The most prolific Japanese tankette
By 1930, there was a strong belief that the tankette was the perfect means to motorize entire army groups with half the cost of normal tanks. This cheap asset was appreciated by many countries, which quickly built or bought swarms of these machines. The best-seller, at the time, was the British Vickers designed Carden-Loyd Mk.VI. A Japanese army commission was mandated to purchase several British and French models, in order to compare their respective performances.
They had already tested and put in service Renault FT (as the Ko Gata), and heavily tested the Carden-Loyd Mk.VI. However, the IJN commission decided to produce a domestic design, better able to fit the army’s requirements.
|Hello, dear reader! This article is in need of some care and attention and may contain errors or inaccuracies. If you spot anything out of place, please let us know!|
At first, the process led to the Type 92 Jyu Sokosha, a large tankette almost exclusively used by the cavalry. But, as the army decided to have its own tankette, a new lighter model, usable within infantry companies was requested, intended to provide support when needed, either with firepower or supplies. The first design, dating back from 1932, was revised by the Tokyo Gas and Electric Industry, and new plans in 1933 led to a prototype the following year. This led to the Type 94 TK, for Tokushu Keninsha, “special tractor”. This was to be a versatile design, capable of scouting operations, infantry support and transport. It was also designed to replace the already existing fleet of armored cars in Manchukuo, as an off-road vehicle.
Design of the TK
The Type 94 was a minimalist design. A light tracked hull with a small turret fitted at the rear, armed with a single machine-gun, with the engine at the front and driver to the right. The concept was, apparently, inspired by the Carden-Loyd Mk.VI. The hull was riveted, and the Mitsubushi air-cooled engine developed 35 bhp at 2500 rpm, for a total of 9.5 bhp/ton. The crew was protected from heat by asbestos insulation. The speed was the same as that of the original British design. The commander, who also acted as gunner, sat in the turret, which was manually traversed, by pushing a shoulder against the machine-gun. There was also a storage compartment at the rear, accessible through a large door. The original armament, a Type 91 6.5 mm (0.25 in) gas-operated machine gun (1980 rounds), was later replaced by a more powerful Type 92 7.7 mm (0.31 in) model during production and in service.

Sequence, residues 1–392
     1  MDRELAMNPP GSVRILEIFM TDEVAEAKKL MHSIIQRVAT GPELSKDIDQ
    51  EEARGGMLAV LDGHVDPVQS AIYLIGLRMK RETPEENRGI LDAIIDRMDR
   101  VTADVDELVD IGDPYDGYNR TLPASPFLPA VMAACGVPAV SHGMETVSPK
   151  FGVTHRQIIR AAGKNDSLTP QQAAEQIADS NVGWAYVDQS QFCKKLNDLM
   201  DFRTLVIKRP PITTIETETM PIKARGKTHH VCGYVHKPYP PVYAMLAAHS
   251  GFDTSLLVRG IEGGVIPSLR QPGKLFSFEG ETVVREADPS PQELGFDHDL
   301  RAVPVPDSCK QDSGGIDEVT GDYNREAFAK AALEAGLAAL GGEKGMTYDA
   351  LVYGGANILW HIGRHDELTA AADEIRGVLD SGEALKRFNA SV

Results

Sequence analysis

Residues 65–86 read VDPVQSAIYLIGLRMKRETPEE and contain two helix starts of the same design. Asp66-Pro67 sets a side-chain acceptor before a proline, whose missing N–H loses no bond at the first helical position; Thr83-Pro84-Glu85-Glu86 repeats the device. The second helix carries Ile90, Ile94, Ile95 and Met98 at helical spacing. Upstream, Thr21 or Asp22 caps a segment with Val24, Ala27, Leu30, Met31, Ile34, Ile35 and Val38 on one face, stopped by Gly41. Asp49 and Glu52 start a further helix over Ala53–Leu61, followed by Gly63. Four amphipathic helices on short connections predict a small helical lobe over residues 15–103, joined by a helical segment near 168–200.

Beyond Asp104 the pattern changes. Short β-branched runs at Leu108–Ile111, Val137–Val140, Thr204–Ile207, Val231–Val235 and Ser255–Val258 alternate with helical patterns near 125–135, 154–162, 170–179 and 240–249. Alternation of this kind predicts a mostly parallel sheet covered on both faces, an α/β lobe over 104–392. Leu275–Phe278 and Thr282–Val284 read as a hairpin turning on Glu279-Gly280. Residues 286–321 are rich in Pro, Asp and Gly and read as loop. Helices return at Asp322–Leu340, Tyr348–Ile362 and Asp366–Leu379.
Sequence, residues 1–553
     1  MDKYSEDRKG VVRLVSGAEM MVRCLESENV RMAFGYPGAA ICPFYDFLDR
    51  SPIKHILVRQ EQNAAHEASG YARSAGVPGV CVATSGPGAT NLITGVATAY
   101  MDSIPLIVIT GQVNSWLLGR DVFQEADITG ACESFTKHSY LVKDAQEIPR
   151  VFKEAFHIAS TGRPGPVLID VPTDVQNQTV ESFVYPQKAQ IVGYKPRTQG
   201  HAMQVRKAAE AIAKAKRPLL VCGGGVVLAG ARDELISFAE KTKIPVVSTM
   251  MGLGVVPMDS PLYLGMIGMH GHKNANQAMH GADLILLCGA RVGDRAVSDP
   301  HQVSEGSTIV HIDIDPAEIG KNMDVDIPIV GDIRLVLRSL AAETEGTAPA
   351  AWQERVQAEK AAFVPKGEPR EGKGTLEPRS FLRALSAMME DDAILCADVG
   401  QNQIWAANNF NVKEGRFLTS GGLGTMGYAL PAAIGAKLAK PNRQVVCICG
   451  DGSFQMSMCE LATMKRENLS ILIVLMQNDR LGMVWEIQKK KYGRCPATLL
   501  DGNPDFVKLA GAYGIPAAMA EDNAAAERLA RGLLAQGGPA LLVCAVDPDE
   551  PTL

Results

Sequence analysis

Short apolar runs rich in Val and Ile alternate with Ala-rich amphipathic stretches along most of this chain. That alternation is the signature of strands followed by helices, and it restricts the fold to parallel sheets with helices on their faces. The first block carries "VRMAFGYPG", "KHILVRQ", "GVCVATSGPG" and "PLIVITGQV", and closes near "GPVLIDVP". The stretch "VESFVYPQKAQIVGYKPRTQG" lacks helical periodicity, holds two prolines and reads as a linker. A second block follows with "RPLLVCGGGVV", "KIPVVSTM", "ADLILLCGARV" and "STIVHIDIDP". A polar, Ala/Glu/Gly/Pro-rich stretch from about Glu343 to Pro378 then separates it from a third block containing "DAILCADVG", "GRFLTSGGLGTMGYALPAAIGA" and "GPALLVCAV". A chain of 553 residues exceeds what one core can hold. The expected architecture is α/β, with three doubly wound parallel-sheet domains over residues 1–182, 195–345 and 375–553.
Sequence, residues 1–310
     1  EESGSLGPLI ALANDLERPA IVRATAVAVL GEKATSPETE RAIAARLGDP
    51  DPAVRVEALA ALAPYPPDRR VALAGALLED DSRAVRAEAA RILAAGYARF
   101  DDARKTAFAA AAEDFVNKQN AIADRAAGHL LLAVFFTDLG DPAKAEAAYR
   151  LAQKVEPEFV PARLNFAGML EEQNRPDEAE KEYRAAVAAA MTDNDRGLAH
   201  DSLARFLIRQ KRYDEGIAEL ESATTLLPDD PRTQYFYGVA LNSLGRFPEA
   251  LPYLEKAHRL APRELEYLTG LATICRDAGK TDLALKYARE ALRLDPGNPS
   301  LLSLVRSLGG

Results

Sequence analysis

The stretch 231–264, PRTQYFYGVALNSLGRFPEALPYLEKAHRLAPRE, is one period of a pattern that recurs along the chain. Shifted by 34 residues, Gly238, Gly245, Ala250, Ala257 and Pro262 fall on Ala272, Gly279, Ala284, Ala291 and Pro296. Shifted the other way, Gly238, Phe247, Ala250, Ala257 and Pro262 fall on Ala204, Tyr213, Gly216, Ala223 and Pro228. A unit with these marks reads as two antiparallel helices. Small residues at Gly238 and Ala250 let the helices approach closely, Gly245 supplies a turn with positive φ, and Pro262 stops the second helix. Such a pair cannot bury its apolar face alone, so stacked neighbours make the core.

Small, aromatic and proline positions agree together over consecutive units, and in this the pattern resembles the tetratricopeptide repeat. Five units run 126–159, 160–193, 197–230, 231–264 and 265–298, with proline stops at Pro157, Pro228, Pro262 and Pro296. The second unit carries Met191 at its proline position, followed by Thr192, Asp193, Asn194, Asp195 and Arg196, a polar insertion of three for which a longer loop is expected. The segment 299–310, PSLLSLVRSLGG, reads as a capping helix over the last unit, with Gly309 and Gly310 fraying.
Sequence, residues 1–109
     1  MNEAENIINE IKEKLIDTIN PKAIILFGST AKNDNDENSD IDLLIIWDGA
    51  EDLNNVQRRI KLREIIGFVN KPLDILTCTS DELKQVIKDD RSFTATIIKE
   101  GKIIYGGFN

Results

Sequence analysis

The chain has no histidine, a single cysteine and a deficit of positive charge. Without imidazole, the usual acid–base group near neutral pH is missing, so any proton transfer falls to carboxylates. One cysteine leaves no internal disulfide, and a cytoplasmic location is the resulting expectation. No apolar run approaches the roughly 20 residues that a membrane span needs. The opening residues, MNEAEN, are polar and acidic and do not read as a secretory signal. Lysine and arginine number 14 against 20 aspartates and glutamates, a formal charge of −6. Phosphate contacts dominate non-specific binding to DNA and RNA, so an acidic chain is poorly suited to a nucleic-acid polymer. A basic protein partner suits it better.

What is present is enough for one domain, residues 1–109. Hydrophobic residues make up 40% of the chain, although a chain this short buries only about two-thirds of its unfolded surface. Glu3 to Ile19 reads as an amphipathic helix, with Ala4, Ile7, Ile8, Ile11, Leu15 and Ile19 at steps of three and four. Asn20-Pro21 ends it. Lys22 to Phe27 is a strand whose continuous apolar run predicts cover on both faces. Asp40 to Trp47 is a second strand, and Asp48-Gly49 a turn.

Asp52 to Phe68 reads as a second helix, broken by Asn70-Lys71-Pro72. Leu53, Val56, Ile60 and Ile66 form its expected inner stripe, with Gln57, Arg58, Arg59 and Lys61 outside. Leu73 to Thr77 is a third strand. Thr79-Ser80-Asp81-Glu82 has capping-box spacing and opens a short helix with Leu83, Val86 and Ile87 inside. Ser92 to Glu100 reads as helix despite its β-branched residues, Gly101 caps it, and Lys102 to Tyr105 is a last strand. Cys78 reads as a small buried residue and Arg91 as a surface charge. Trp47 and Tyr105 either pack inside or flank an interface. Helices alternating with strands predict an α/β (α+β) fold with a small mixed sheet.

The gun was protected by an armored mantlet. The suspension system comprised two bogies, each supporting two rubber road wheels, combined with a Japanese bell crank reinforced by horizontal compression springs, invented by Major Tomio Hara. The drive sprocket was at the front and the idler wheel was at the rear, and the narrow track was supported on two rubber-filled return rollers. Like many narrow-tracked fast tanks, these were prone to throwing off their tracks during high-speed turns. To fix this issue, a later variant had a larger idler wheel, and the last received a complete redesign of the suspension. But the problem remained until the end of production in 1937.
Type 94 TK variants and derivatives
The Type 94s were relatively homogeneous, as they were built by the same contractor, Hiro Motor Company. The most notable difference is the suspension system, with the first two models differing only by having a small or big idler wheel, while the last had a revised suspension and longer chassis, now 3.35 m (11 ft) long. Other variations include the machine-gun model, with or without protective mantlet, and minor finishing details and equipment, like searchlights projectors and tools fixations.